Keep in mind that when starting out, you are focusing on trying to improve your basic game, so getting all fancy with spin on shots is not high on your list of priorities. As a result, we would recommend not including the loft wedge.
The lob wedge requires a softer touch and feel around the edge of the green. It’s all about making that connection to send the ball high into the air and dropping dead.
A novice player is not going to have that type of control over their game. Also, it’s stressful trying to figure out how to play those shots, and you don’t need that when starting out.
As a novice, or someone with a high handicap, then you need to think about getting yourself out of trouble. After all, there’s a pretty good chance you are going to find yourself in the bunker or long rough from time to time.
That means both the pitching wedge and sand wedge are the two most important clubs out there. You are highly unlikely to be hitting through greens too often when trying to master the game. Chances are you will come up short rather than long, so worrying about overhitting the ball is not something that should be concerning you.
The Loft Angles in Your Bag
So, the different wedges do come with different loft angles, so let’s look at what may be your best options from that perspective.
If you are an average player where your shots come up short and leave you with a chip onto the green on a regular basis, then a wedge around the 54 degree loft angle would be perfect. That’s going to cover most bases if you are lacking in power and control from a greater distance.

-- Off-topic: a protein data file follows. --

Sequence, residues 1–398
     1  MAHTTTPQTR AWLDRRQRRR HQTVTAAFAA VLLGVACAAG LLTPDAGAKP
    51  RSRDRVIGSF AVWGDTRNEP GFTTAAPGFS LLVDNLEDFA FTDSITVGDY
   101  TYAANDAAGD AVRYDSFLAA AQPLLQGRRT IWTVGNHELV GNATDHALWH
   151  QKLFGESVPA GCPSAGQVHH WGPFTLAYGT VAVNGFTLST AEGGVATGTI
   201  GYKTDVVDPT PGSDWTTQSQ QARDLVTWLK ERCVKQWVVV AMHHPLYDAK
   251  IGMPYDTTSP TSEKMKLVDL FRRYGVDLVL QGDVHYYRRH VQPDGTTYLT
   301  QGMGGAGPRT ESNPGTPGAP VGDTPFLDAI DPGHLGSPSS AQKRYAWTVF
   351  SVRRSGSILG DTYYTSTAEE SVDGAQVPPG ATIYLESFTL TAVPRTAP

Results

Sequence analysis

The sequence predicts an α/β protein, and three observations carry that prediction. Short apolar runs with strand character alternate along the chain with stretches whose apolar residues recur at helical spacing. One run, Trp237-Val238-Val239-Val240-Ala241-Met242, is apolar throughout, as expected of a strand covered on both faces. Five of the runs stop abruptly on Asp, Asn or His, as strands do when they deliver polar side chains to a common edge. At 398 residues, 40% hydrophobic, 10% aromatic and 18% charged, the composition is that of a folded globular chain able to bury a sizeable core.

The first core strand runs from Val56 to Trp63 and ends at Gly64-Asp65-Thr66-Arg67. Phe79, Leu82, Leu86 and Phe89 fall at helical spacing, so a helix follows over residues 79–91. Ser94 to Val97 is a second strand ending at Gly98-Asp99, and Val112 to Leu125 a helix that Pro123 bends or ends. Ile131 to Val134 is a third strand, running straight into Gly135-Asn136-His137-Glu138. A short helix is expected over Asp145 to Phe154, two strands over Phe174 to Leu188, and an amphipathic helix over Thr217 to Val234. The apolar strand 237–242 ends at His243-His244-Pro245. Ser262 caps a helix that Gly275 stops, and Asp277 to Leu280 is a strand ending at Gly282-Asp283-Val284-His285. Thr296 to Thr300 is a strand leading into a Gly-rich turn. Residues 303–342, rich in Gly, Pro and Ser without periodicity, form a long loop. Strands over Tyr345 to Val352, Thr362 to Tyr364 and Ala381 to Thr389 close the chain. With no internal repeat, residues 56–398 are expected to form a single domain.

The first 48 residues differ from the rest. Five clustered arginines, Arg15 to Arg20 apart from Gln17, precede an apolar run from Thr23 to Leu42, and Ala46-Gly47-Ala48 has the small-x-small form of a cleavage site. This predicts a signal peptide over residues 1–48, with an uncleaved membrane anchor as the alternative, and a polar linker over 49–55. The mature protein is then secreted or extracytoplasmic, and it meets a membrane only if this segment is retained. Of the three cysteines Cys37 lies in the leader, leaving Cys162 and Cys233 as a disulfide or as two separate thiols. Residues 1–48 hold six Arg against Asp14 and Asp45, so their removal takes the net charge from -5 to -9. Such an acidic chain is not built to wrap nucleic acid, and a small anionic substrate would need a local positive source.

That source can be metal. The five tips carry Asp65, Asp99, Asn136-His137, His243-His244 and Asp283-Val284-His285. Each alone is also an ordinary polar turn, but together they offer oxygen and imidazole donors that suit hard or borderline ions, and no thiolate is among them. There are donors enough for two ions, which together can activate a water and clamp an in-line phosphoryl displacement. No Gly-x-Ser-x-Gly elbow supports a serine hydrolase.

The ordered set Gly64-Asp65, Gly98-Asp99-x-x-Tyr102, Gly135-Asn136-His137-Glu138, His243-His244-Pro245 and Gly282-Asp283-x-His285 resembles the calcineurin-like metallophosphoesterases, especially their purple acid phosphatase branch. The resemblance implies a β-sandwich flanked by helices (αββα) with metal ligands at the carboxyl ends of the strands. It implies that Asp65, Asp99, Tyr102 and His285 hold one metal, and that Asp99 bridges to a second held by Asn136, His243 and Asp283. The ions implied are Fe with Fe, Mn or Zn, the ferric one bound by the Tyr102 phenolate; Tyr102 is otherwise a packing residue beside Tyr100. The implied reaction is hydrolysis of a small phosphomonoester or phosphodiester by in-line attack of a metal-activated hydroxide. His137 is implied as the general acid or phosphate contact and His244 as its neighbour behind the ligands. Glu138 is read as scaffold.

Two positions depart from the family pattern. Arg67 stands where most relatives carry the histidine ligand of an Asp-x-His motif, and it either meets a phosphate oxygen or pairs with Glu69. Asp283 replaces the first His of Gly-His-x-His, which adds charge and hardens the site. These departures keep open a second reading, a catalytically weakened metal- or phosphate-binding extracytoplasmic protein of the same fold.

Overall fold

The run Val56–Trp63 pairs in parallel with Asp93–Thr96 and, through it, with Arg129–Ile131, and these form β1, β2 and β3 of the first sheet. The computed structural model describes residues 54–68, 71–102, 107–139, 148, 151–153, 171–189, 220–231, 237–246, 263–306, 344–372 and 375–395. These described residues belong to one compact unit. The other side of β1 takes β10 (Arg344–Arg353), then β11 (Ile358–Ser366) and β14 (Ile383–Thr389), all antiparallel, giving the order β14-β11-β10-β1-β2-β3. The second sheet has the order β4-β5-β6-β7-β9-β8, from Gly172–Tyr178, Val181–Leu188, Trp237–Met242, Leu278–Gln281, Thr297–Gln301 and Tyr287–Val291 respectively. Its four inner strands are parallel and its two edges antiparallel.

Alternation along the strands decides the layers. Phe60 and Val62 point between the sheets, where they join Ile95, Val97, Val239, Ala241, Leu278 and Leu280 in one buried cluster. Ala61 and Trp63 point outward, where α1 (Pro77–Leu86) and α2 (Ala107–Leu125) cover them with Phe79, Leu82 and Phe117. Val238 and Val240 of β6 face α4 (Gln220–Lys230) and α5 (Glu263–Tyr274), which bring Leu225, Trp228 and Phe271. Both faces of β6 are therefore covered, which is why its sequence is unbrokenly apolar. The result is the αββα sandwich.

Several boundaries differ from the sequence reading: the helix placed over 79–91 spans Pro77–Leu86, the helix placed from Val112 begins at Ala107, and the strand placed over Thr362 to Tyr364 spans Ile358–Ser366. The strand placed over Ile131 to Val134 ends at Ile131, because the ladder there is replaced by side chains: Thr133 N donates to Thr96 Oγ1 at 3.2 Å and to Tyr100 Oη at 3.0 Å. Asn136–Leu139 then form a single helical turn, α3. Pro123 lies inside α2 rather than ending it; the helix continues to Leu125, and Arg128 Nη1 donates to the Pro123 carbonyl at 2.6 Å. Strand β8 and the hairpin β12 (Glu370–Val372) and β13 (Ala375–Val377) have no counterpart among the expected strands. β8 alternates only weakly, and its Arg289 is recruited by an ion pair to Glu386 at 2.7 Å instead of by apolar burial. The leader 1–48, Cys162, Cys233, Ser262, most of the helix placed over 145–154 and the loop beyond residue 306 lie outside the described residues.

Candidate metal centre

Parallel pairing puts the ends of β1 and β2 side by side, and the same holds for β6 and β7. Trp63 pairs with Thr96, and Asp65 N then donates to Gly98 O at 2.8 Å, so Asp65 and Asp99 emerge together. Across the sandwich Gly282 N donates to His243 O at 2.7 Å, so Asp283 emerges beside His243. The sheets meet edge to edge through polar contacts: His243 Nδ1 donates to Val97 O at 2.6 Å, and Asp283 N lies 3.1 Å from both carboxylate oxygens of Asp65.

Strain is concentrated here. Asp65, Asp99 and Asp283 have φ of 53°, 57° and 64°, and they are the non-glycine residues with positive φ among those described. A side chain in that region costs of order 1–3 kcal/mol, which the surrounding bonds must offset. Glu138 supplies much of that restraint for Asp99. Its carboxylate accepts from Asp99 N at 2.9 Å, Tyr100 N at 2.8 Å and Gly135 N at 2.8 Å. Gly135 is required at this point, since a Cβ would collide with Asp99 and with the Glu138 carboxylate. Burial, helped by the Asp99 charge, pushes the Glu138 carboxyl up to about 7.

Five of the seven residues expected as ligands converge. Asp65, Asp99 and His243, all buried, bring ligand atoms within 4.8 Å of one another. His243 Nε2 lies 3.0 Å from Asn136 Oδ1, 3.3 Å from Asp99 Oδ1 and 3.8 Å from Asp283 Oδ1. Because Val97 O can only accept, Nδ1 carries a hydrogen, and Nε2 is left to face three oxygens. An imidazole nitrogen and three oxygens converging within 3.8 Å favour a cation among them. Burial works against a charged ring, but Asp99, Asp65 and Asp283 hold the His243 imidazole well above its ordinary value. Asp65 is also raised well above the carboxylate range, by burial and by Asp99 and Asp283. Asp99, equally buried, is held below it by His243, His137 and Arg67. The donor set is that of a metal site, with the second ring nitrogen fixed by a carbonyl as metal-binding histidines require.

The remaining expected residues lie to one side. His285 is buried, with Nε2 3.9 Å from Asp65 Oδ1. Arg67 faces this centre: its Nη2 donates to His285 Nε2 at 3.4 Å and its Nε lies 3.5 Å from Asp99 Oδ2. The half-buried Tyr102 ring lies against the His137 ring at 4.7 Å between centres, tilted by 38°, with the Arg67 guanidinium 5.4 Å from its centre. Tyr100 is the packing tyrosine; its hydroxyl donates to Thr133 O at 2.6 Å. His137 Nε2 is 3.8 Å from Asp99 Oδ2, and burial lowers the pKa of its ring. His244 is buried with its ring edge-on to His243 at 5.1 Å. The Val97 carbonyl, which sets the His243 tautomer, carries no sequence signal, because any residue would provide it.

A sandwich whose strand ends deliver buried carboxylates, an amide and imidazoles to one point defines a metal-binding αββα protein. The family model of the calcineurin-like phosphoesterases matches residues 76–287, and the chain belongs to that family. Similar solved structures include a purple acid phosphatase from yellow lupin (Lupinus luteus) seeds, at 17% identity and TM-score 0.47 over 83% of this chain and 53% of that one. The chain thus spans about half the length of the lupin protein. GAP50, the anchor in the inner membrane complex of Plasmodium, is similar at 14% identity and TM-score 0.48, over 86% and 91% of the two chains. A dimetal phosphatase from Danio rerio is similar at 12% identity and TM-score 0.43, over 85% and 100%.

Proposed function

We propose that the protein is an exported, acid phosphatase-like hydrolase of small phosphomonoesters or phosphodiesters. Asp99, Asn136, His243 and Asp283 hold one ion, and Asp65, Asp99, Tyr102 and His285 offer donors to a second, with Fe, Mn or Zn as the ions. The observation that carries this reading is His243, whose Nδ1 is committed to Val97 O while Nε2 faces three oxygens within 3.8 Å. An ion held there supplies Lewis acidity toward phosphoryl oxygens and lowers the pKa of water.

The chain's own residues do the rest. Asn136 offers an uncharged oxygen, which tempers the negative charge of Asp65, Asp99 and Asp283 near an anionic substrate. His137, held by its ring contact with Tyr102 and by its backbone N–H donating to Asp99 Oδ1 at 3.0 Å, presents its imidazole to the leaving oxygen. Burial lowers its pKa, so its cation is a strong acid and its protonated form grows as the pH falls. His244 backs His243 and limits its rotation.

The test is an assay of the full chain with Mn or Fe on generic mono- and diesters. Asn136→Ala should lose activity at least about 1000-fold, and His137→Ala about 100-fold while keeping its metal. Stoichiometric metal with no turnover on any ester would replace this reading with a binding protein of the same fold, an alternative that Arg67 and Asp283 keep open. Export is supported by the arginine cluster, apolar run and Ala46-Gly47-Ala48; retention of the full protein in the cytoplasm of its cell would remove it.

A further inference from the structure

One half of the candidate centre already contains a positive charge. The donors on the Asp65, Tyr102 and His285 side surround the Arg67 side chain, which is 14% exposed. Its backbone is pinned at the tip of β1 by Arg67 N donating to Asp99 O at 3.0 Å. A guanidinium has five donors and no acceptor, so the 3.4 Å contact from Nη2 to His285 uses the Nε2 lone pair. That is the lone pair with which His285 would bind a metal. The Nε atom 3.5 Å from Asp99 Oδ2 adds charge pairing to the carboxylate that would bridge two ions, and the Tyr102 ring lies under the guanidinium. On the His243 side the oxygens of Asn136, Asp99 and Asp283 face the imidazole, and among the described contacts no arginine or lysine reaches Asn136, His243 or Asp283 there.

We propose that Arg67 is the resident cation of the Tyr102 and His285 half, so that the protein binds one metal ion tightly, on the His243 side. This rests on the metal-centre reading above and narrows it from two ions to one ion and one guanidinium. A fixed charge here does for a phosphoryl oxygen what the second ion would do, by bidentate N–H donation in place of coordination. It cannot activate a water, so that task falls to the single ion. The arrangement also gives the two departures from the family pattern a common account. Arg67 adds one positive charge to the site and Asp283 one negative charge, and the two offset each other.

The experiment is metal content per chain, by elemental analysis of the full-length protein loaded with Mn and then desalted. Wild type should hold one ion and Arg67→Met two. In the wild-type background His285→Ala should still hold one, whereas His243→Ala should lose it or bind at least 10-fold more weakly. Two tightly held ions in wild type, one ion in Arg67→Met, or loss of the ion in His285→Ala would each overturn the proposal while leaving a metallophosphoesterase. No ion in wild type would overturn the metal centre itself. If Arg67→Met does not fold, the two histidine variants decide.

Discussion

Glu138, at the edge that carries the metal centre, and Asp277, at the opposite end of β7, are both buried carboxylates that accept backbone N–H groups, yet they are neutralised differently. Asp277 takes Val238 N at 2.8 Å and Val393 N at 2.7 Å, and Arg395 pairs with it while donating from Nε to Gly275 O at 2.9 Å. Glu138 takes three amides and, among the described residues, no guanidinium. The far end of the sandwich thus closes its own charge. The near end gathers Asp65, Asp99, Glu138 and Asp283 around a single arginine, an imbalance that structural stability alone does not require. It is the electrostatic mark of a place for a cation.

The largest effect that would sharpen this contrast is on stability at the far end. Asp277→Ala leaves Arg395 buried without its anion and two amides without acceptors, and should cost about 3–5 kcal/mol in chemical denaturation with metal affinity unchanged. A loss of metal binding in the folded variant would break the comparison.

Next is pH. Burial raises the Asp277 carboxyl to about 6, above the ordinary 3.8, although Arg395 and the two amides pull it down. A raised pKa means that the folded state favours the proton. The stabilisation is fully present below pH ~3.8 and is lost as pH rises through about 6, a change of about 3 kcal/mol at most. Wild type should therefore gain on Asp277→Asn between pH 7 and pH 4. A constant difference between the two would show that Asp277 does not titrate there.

At the same time, if you do end up wanting that real control and producing as much backspin as possible from your shots close to the green, then a loft angle on a wedge around 62 degrees will work out well for you.
At that angle, you should be able to float in a chip and kill it on the green. Alternatively, if you have reasonable accuracy with your shots, then this degree angle allows you to pinpoint your shot on the green if you don’t have a lot of room to play with, perhaps due to a bunker or water hazard cutting down your target area.
From the four options that are out there, each wedge has its own place in your bag, but as we have said on several occasions, it all depends on your style of game and where you are at with your development.
The one thing you will always need is your sand wedge. That is not something you should compromise on, as it can get you out of all sorts of trouble.
Aside from that, the pitching wedge or gap wedge may be suitable, with the gap wedge being better if you have a bit more power and accuracy over your tee shots. If you can get a reasonable distance from the pin, then either of these options should get you onto the green.
Keep the lob wedge for those spectacular shots. If you feel capable of dropping the ball in on a dime, then go for it. The shots are cool to play, and they also make you feel good when you replicate the pros.